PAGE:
Additionally:

  • Mars has set numerical, science-based goals to steer its sustainability programs, including the effort to eliminate all fossil fuel use from its operations by 2040. The company is on track to achieve a 25 percent reduction in its carbon emissions by the end of 2015, in comparison to 2007. Mars recently invested in a 211-megawatt wind power farm in Texas that completely offsets all of the electricity used by its U.S. operations.
  • Launched in 2010, the Unilever Sustainable Living Plan aims to decouple the company's growth from environmental impact. Unilever has set a goal to halve the greenhouse gas (GHG) impact of its products across the lifecycle by 2020. Its approach focuses on five areas: (1) acting on climate change by eliminating deforestation, (2) innovating products that use less GHG-intensive materials and that help consumers save energy in use, (3) reducing emissions in manufacturing and pursuing energy efficiency in factories and offices, (4) reducing transport emissions in distribution operations and (5) moving to renewable energy and more sustainable forms of biofuels.
  • Nestlé has set targets to reduce direct greenhouse gas emissions per ton of product by 35 percent since 2005, by 2015.
  • General Mills recently announced a commitment to reduce absolute greenhouse gas emissions by 28 percent across its full value chain—from farm to fork to landfill—over the next 10 years. The commitment was calculated using science-based methodology to achieve a level of emission reductions that science suggests is necessary to sustain the health of the planet.
  • Kellogg Company’s comprehensive 2020 Sustainability goals include expanding use of low-carbon energy in its plants by 50 percent and reducing energy and GHG emissions in our plants by an additional 15 percent (per metric tonne of food produced) from 2015 performance.

“Kellogg Company understands that in order to meet the food needs of a growing world population, we must be proactive in addressing climate change,” said John Bryant, chairman and CEO of Kellogg Company. “That starts with our farmers, extends through our entire supply chain and includes collaborative efforts with our peers, such as this critical, joint call to action.”

“Global weather patterns affect crop yields, water availability and infrastructure integrity. These changes impact the business we do every day as well as the work of farmers, suppliers and distributors across our vast network of partners," said Paul Grimwood, chairman and CEO of Nestlé USA. "Nestlé intends to flourish for at least another 150 years and we believe tackling climate change is key to a healthy planet and healthy people.”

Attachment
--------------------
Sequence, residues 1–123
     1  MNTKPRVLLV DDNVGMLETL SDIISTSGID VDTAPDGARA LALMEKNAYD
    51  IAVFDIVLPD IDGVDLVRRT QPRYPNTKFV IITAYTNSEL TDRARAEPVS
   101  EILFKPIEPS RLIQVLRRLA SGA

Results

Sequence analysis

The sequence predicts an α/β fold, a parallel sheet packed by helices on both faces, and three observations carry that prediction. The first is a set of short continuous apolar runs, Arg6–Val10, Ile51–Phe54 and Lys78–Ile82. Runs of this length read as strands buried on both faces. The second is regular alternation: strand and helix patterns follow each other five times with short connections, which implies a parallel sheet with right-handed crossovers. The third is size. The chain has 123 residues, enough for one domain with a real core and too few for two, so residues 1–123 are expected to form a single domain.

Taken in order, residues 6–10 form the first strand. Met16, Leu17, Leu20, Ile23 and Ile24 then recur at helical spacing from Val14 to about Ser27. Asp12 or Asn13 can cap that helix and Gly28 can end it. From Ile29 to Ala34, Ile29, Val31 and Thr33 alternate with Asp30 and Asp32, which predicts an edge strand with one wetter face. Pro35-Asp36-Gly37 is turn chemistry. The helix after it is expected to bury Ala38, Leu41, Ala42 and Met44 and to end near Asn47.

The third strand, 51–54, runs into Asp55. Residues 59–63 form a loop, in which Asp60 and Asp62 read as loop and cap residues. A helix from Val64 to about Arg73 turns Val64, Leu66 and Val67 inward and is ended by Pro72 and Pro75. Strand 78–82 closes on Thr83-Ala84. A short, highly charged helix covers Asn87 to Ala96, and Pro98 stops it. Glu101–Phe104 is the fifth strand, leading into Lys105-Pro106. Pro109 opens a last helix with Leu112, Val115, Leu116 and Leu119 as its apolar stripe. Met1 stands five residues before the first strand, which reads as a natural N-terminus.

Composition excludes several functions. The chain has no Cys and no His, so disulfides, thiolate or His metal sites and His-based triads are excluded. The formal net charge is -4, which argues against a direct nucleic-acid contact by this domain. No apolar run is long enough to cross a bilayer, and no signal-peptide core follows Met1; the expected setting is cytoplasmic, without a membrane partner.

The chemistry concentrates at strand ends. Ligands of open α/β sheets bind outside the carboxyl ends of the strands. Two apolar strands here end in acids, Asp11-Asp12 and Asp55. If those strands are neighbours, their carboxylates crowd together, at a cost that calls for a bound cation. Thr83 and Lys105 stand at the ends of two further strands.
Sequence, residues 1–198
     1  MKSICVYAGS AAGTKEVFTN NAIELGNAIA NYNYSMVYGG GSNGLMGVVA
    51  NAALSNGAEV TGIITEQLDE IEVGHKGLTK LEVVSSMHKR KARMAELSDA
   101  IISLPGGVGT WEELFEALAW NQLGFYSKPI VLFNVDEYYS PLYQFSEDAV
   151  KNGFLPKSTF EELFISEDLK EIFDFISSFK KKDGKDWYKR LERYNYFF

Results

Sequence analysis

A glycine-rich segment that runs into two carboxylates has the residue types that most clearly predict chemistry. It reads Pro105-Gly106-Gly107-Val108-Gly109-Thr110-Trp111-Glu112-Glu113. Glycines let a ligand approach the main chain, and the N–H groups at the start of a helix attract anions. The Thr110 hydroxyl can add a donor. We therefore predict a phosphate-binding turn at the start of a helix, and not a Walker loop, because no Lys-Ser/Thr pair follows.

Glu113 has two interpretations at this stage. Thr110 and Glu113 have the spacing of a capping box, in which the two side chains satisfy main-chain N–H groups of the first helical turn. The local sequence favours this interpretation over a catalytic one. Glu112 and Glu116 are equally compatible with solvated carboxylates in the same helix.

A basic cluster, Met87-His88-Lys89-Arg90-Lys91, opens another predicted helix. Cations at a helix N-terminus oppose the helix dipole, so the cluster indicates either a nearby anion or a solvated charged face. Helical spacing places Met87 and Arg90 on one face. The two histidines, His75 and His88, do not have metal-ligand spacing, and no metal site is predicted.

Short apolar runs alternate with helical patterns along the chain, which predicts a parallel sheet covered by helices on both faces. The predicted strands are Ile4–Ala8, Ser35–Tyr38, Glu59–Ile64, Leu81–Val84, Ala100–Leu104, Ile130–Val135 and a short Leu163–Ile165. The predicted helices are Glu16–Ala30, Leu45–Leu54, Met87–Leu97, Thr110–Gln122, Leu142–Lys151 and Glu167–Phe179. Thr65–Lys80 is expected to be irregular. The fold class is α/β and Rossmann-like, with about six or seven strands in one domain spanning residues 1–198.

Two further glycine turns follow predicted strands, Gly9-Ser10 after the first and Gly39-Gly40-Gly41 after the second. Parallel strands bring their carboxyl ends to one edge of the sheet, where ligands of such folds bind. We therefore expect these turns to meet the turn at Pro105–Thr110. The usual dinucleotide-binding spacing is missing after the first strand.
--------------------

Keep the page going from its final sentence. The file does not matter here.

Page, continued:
“The cruel irony of climate change is that people in the developing world, many of whom grow the ingredients we use in our products, are the least able to adapt to climate change and will pay the steepest price for a problem they had no part in creating,” said Ben and Jerry’s CEO Jostein Solheim. “Today’s statement signals that our industry is committed to working towards solutions that deliver a stable climate and ensure the future success of our businesses and the communities around the world that supply them.”

“Bold action on climate change is urgently needed and simply makes good business sense,” said Paul Polman CEO of Unilever. “We are deepening our efforts to create transformational change to eliminate deforestation and working to lower our greenhouse gas impact. Businesses have a responsibility to act but we can’t do it alone. Consistent and credible government policy signals are essential, which is why we are urging political leaders to take action.”

YOU MIGHT ALSO LIKE

146 Countries Covering Almost 87% of Global Emissions Submit Climate Plans Ahead of Paris

Wales and Bulgaria Latest to Join Massive EU Wave of GMO Bans

Monsanto Sued by Farm Workers Claiming Roundup Caused Their Cancers

Watch Live Oct. 11: Vandana Shiva and Others Discuss GMOs and Food Justice

Show Comments ()
Sponsored
The turkey ranch in Sonora is where Diestel keeps its pasture-raised birds. Jeanne Cooper

Popular Diestel Turkey Sold at Whole Foods Tests Positive for FDA-Prohibited Drugs

Diestel Turkey, sold by Whole Foods and other retailers at premium prices, says on its website that its "animals are never given hormones, antibiotics or growth stimulants."

But Diestel Turkey samples tested by the U.S. Department of Agriculture (USDA) suggest otherwise, leading consumers to wonder: Can these companies be trusted?

Keep reading... Show less
Animals

Slaughter of 90,000 Wild Horses Could Proceed Despite 80% Objection From American Public

The American Wild Horse Campaign on Thursday harshly criticized Interior Sec. Ryan Zinke's appointment of Brian Steed, the former chief of staff for U.S. Rep. Chris Stewart (R-UT), as the acting director of the Bureau of Land Management (BLM) as dangerous and out of step with the wishes of the vast majority of Americans.